ONCE UPON A TIME THERE WAS FREE BEER, reported the Brisbane Truth on Sunday, December 29 1946:
“FREE beer will be on tap at the Crown Hotel, George-street, on Christmas Day, December 25.” FREE BEER! WACKO! But don’t get downhearted that you didn’t hear about this last week — you’d have still been just 92 years too late! Strange as it may seem, in this hot and thirsty land, free beer WAS on tap at the “Crown” for all who could drink a fill, way back in 1854, to celebrate the opening of the pub, which was built by one of Brisbane’s pioneer builders, Adam Fiebig, on the site on which the Majestic Hotel now stands.
Take a gander at the pencil drawing, by long-dead and unsung artist, J. W. Laing, which accompanies this article. Believe it or not, that’s the corner of George and Turbot streets, in the City of Brisbane! And there stands the Crown Hotel, in all its modern splendor — that is, ‘modern’ as known in 1854.
This is the picture which hangs in the very modern bar of Lowood’s Royal Hotel; run by a grandson of the builder of the Crown, Bernard Fiebig Hannah. It is apparent, from artist Laing’s effort that he did not choose the ‘free beer’ day to do the job. You can’t tell us that only one solitary black-bearded bibber forms the queue. It just ain’t natural — even for 1854!
Look what the said Blackbeard’s done to his youngster. Made him stand across the road with his back to the pub, so that his young mind won’t be polluted. That’s the funny Ideas they had about that sort of thing, them days. And get on to mine host and his good wife at the door of the pub to welcome their customer. Publicans’ manners and courtesy have been on the toboggan since the Gold Old Days, obviously. Maybe the goat in Turbot-street’s going down to the markets to see if he (or is it ‘she’) can pinch a few greens. And looks as though (on left) one of the North Quay dairy farmers is taking his prize milker down with the same end in view.
Another thing that impresses is that dogs had plenty of posts available those days, what with horse hitching conveniences, ‘nd all that. Way up on the right (just above that smart turn-out), the artist has caught the old Victoria Barracks building. Gives an idea how old THAT is. There is a wealth of romance in the story of the Fiebig-Hannah family.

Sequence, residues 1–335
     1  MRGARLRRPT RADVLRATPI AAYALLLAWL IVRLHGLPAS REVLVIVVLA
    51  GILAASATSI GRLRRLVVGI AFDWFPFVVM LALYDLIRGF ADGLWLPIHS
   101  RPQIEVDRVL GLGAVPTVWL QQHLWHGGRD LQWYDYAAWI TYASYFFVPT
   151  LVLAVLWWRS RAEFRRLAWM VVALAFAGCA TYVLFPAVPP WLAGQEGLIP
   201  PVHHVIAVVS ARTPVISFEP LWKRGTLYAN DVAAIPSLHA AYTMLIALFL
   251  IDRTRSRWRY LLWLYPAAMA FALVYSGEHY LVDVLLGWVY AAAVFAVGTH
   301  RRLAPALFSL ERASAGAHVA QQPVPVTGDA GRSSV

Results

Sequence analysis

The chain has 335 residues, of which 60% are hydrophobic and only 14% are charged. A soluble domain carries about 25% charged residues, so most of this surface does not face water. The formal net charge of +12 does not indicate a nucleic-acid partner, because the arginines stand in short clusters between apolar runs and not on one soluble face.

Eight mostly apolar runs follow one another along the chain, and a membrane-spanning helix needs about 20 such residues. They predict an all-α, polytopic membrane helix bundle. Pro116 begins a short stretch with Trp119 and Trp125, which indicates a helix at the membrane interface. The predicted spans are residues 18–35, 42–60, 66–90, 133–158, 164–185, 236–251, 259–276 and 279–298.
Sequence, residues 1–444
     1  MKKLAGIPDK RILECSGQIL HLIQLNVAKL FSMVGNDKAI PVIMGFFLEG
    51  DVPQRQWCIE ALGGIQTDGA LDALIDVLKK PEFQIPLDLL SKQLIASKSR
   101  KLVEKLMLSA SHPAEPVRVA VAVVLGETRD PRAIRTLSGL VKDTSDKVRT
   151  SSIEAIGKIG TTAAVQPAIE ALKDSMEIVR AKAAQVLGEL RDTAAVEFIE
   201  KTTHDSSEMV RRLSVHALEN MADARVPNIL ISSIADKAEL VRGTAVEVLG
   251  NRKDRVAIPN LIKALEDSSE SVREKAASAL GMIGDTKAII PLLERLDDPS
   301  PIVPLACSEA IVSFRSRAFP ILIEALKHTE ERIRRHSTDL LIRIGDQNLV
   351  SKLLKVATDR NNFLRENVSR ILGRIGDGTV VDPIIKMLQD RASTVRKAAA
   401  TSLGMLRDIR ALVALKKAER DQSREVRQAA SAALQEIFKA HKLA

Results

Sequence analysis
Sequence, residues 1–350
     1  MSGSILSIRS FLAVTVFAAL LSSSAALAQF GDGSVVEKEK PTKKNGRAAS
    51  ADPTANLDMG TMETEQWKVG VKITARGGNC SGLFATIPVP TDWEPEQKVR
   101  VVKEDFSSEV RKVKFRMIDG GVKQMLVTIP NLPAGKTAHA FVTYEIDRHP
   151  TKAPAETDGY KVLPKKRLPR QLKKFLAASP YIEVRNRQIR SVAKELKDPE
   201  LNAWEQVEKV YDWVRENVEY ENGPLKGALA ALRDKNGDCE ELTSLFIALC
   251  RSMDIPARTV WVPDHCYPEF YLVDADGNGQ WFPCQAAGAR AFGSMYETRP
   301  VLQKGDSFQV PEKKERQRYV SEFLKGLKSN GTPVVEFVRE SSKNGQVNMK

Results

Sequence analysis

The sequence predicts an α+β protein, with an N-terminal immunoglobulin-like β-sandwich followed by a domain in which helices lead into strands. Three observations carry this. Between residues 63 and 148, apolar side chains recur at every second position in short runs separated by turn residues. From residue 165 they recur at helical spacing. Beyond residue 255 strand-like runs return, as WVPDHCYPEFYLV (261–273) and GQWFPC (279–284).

One of their prized possessions is a violin, claimed to be an Amati, just the bare 250 years old, which is also pictured here, being admired by a guest while Mrs. Pearl Hannah explains all about it. The inscription, in old lettering which can be seen inside the instrument through the sound holes, reads: “Antonius Amati, Cremonensis, fecit Anno Domini Nostri, 1696.”
Amati was the craftsman who taught the mighty Stradivarius how to make violins. Which brings us to a paragraph in ‘Truth’ of the issue of April 28 last. This reads ‘New York, Saturday. — Miss Dorothy Powers professional violinist, calmly paid out £24,475 for a Stradivarius violin yesterday. She bought the instrument from Fritz Kreisler. The Strad., one of the two most famous instruments, is 235 years old.” The Hannahs’ instrument, made by the Master who taught Stradivarius his craft, is, according to its inscription, 15 years older than Miss Powers’s treasure!
To get back to Laing’s sketch: See that little thatched cottage on the right of the pub? In that cottage lived a poor old down-at-heel music genius named Professor Seale. He it was who drew sweet music from the bowels of that Amati violin. He filled the smoke-laden atmosphere of the ‘Crown,’ that memorable free-beer Christmas Day, with all the famous carols of the era — ‘Silent Night,’ ‘While Shepherds Watch Their Flocks By Night,’ and all that nostalgic stuff which makes dreamy the eye of the oldster.
When the time came for the old ‘Crown,’ then the ‘Wentworth,’ to make way for something snappy and modern, in brick, it was old Adam who again did the job, building the present Majestic Hotel, which was sold by the family to the Burkes, in 1928. Popular Bob Graham is mine host there now. He also built the famous Marland House, in Eagle-terrace, as well as a number of other historic landmarks. The Hannah family has distributed more Christmas cheer to unfortunates and misfortunates than they want to remember. They have financed numerable religious and philanthropic organisation and causes.
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